Look what Microsoft’s playing with in Acrylic. Look at the directions print design and (to a degree) web media are going in. Corel had SVG ready to go first and I’m sure there’s a good deal of development of it or similar vector formats for the web, something that doesn’t pose the implementation or security risks of Flash and could enable more to be done slicker on less bandwidth. And Ventura! If CGS13 were to exclude Rave and incorporate Ventura, even a slightly toned-down version enhanced with an HTML layout/editing component, it could easily be the killer app suite to beat all.

    But it won’t, at least not that way. No matter how tweaked and refined the Graphics Suite programs get, they aren’t going to be the first thing everyone thinks about when they imagine graphics/design software. They’re practically giving it away when you consider how many individual, networked, professional applications you get for the money, I don’t see how a further price drop could really affect market share, but then again I’m not a bean-counter. Corel needs to work on its awareness, presence, whatever they call it these days, and get design schools and high schools and juniour colleges graciously accepting their donations and discounts and offering training and even certification so that when your kid opens a lemonade stand the sign rolls from his fingertips (and the lovely but now horribly pared-down clipart collections) to the corner sign shop that popped up on the evolved Service Bureau Locator, along with every other functioning web press and ink slinger in the galaxy.
    The Corel/Wacom relationship should improve so that the purchase of one guarantees a discount on the other. Corel Corp should take its superior product and beat Adobe over the head with it, snag the remaining government POs from them and pull the rug out from under them with the emerging technology they have always had the capacity to do. Open up a discreet offshoot of their web-authoring and SVG technologies to the drooling open-source junkies, just a little piece that will, if successful, be already an integrated technology in one if its core products, like Microsoft or Sun or Netscape did.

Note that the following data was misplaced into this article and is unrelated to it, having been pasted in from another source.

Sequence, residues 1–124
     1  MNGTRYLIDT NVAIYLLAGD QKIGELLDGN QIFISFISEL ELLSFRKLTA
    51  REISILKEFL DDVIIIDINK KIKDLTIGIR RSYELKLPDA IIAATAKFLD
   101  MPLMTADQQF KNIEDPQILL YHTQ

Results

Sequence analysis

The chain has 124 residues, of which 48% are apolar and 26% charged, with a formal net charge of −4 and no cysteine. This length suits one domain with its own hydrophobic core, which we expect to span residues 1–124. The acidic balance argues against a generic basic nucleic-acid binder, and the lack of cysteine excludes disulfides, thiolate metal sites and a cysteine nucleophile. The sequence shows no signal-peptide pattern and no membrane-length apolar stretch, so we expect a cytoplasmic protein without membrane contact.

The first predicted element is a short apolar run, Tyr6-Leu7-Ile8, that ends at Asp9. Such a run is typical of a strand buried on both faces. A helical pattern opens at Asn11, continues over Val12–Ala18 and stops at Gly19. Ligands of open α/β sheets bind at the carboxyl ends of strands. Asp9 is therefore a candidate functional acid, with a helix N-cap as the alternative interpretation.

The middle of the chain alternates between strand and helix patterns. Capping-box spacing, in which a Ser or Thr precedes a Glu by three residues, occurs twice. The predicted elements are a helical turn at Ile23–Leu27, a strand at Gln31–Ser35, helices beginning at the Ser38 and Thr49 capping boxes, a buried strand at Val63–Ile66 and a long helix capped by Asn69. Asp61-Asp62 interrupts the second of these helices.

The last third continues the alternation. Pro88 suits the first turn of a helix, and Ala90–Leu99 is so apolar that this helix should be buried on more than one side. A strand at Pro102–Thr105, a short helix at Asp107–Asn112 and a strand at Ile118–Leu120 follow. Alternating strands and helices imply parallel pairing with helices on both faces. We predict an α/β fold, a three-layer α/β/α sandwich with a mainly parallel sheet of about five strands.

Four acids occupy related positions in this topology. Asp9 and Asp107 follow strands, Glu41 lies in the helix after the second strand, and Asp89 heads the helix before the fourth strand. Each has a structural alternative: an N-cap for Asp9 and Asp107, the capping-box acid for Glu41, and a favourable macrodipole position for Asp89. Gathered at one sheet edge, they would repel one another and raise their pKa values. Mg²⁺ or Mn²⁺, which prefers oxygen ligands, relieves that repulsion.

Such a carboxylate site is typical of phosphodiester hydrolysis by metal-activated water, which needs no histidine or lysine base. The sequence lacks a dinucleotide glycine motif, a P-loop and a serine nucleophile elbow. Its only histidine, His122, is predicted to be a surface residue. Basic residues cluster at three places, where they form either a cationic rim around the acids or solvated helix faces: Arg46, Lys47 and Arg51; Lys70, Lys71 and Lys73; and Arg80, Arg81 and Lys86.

In short, we need a war. A knock-down, drag-out blitz to let the software speak for itself directly to the end-user. Corel has a lot to be proud of, but not enough room to shout about it, much less brag. Beyond a reputation, to do this it needs a persona, an image, maybe even a little bit of an ego, to take its place at the top.

    Reply
  10. Pradhan Balter

    Corel at one time owned the market. I believe its fate is in the hands of Microsoft who could/should buy Corel…sorry to say. I think this is its only way back into the market place.

    Reply

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Foster D. Coburn III

Foster D. Coburn III

Foster D. Coburn III is author of 13 best-selling books on CorelDRAW and has been a contributor to numerous technology and graphics-related magazines. Foster has taken many projects, including this Web site, from the early design stage through to a finished piece. He has been a featured speaker at many graphics conferences. His first Web site was built in 1995 and he has been working exclusively in WordPress since 2013.